Electric cars are the hot topic of the automotive industry. With many of the big named car companies playing catchup to Tesla, the industry has seen a major influx in electric cars. But with all this “buzz”, how does it stack up to the renewable industries of yesterday?
Electric Cars: Gen 1 Release
EVs have been around for some time now. Until this year, the major focus for most automotive manufacturers was to develop new technologies that stand out against Tesla. Well, with many vehicles already in prep for a full electric conversion, many have brought their skills to the table. The use of electricity is a big focal point for the future.
Companies like Toyota have not only been one of the pioneers of EV technology with their Prius, but they have also sought after other alternative fuels like Hydrogen. Another big company to hit the market is GM. Now, most people look at GM and think “gas guzzlers” but to be honest they were one of the first electric vehicle manufacturers in the world. The EV-1 was developed in the ’90s and has since become the foundation for how electric cars are developed. GM has had their hands in the pot for a while and the announcement for the HUMMER EV is a clear signifier that they are willing to push further than anyone else in the race for electric.
Gone are the days of combustion engines. Which means fewer fuels and oil used to make your car perform its duty. Well, the other side of the renewable coin still has some fight left in it. Biofuels have become a staple in many large-scale industry moves. From the US military to the trucking industry, recycled biomass still has its grit.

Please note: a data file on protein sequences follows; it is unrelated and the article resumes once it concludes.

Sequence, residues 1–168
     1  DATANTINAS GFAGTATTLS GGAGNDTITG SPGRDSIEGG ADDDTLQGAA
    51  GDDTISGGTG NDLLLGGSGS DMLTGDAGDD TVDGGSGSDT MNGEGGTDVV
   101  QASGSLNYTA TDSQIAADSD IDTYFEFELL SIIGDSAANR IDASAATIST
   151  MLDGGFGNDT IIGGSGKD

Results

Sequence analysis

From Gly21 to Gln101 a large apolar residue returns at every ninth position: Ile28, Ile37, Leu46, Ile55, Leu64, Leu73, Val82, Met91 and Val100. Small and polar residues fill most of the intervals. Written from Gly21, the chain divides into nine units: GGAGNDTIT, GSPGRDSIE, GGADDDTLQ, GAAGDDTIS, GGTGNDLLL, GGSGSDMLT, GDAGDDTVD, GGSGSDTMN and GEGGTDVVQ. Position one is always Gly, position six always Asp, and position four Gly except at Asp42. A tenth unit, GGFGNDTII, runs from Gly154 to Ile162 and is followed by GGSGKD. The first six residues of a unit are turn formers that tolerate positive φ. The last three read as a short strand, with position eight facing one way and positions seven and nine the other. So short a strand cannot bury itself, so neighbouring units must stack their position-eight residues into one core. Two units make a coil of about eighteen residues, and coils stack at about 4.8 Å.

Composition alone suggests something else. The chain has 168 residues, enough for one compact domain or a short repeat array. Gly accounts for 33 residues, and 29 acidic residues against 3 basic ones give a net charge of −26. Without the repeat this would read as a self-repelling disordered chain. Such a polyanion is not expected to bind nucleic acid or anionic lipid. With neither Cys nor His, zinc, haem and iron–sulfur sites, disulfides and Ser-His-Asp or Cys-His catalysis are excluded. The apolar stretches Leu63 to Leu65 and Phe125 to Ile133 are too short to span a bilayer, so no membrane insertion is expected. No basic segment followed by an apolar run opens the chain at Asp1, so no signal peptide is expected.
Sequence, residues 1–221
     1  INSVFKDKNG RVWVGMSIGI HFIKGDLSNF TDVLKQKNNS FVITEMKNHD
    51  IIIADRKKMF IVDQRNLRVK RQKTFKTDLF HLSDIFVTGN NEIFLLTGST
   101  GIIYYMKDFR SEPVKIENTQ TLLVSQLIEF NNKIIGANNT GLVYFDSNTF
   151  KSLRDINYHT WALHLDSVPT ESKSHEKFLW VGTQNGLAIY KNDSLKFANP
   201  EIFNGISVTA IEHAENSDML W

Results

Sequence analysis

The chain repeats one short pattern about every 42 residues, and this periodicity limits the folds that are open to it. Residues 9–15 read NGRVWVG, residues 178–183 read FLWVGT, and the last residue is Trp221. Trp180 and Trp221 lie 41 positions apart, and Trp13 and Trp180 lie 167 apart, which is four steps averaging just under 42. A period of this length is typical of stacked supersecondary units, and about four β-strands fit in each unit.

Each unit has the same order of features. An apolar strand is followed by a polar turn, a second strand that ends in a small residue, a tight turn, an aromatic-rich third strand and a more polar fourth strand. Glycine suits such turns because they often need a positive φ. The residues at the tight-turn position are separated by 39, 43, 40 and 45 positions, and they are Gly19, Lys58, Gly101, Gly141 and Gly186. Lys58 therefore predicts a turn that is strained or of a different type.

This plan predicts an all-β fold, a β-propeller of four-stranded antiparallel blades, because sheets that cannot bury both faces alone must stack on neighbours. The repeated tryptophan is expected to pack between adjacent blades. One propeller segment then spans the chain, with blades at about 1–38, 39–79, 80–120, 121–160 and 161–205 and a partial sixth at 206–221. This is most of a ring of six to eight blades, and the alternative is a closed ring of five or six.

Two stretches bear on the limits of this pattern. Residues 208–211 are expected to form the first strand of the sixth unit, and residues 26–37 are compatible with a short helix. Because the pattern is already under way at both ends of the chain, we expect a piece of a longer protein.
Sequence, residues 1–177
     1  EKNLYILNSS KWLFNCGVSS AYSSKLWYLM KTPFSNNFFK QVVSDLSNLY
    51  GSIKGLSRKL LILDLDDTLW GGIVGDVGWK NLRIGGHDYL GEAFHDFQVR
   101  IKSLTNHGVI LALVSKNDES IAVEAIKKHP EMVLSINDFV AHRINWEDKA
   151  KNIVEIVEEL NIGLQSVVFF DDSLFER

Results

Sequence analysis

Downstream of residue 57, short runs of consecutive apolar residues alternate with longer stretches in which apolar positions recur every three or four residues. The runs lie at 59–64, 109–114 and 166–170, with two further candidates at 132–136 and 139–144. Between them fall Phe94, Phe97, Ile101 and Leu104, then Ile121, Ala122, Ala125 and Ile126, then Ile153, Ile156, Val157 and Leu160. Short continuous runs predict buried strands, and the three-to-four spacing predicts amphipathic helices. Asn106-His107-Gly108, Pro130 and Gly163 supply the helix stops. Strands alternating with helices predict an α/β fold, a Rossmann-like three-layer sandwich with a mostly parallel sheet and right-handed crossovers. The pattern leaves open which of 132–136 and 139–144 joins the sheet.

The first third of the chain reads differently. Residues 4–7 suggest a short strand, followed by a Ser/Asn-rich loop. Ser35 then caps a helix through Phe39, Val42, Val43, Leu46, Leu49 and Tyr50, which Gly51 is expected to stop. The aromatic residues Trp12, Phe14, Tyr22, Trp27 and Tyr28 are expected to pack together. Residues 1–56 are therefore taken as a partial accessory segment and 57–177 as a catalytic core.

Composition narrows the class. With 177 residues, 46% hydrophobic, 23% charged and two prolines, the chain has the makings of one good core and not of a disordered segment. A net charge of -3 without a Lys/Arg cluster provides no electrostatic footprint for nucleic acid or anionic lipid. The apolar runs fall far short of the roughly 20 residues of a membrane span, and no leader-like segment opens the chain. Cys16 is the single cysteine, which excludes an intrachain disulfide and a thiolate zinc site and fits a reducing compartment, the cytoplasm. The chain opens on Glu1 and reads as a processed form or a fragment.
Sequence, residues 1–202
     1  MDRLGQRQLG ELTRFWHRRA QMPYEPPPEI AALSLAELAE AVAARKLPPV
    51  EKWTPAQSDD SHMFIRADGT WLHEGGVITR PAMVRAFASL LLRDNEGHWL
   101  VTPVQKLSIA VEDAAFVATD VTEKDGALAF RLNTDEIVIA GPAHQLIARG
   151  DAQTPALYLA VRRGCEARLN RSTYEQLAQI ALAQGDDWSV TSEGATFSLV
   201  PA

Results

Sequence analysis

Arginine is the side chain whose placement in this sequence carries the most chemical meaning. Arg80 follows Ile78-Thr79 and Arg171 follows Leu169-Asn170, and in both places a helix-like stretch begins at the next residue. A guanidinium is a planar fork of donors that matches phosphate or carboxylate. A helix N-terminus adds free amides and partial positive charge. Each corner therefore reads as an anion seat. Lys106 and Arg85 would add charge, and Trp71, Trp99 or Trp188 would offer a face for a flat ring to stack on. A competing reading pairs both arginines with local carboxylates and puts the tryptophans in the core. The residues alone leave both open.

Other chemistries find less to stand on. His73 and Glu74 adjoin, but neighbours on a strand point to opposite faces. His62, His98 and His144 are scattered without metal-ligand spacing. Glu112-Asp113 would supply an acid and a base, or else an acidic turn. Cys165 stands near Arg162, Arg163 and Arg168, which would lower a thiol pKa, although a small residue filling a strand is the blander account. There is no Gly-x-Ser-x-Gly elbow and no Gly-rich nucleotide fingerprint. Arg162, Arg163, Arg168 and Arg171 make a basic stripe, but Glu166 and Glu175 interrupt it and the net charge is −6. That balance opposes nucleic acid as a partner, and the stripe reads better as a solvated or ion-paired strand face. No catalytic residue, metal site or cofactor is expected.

Biofuels Still Maintain Function
The industry has since moved very far away from the old diesel engines of your parents (or grandparents). With many people looking to utilize their old Mercedes 300 or even their hippie grandparents VW Microbus, they have been able to convert old diesel engines into fully functioning vegetable oil burners.
With the US increasingly aware of the environmental impact and efficiency of their vehicles, they have reached out to farmers and their excess vegetable waste. This has moved into the trucking industry as well as the military. With most non-combat vehicles utilizing some form of B20, and the trucking industry moving to reach stricter emissions standards, Biofuels have found their way into the industry side of the US. Where electric maintains the current love affair with the consumer market.
Which One Wins?
The long game is going to be won by electric. This is a no-brainer. Combustion engines have a lot more moving parts that can become expensive variables down the road. Plus they are utilizing outdated technology. This doesn’t go unwarranted, though. The energy output of either biofuel or electricity hasn’t garnered the power boost to replace these methods. That isn’t to say they aren’t getting significantly closer to outshining traditional methods.